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Leukemias are a type of cancer that occurs in blood cells, and they are the most common types of cancer in children. T-cell acute lymphoblastic leukemia (T-ALL) occurs when immune cells called thymocytes become cancerous. There’s also a rare and aggressive form of T-ALL called Early T-cell Precursor ALL (ETP-ALL) that is hard to treat. Scientists know that a protein called Lmo2 can be responsible for driving these transformations in thymocytes, but they don’t know precisely how this occurs.
The Love Lab demonstrated that the protein Ldb1 helps drive the development of T-ALL and ETP-ALL in mice. They examined the role of Ldb1 by deleting it from a mouse model of T-ALL and ETP-ALL. Even though Lmo2 was present, thymocytes were not able to proliferate aggressively without Ldb1, and they resembled normal, healthy cells. Mice that should have otherwise developed T-ALL or ETP-ALL did not become sick, and other genes that are typically overactivated in this type of cancer remained at normal levels. The findings suggest that Ldb1 is essential for Lmo2-driven leukemia.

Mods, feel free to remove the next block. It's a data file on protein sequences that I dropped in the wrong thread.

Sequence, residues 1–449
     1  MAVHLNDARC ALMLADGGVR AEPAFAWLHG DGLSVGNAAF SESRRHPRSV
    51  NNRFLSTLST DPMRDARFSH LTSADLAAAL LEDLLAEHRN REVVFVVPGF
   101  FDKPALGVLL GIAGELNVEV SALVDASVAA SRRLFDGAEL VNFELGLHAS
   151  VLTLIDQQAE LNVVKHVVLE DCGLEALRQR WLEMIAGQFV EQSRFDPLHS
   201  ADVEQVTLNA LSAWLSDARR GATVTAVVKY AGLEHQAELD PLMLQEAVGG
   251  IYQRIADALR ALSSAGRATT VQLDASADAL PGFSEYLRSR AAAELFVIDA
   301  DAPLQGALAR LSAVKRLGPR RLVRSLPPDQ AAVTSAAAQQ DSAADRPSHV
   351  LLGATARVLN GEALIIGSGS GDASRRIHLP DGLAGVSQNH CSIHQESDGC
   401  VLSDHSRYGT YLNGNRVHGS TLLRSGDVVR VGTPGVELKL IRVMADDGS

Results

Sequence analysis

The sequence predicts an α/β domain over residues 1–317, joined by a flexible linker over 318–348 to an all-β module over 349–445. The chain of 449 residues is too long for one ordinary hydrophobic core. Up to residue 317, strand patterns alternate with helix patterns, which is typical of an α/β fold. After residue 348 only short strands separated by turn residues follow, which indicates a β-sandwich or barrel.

The study team also conducted additional experiments to determine how Ldb1 works with Lmo2. Their research suggests that Ldb1, which is a nuclear adaptor protein, likely forms a transcription complex with Lmo2 (and possibly other unidentified proteins) to turn on genes necessary for the cell to renew itself. This is a healthy feature of thymocytes under normal circumstances. But when Lmo2 is overexpressed, its complex with Ldb1 does not turn off, and the cell replicates unchecked. Thus, these thymocytes are predisposed to become cancerous and can eventually result in T-ALL and ETP-ALL. If the lab’s findings are replicated in people, targeting Ldb1 may be a promising therapy to treat ETP-ALL.
Learn more about the Genetics and Epigenetics of Development Group: https://www.nichd.nih.gov/about/org/dir/affinity-groups/GED.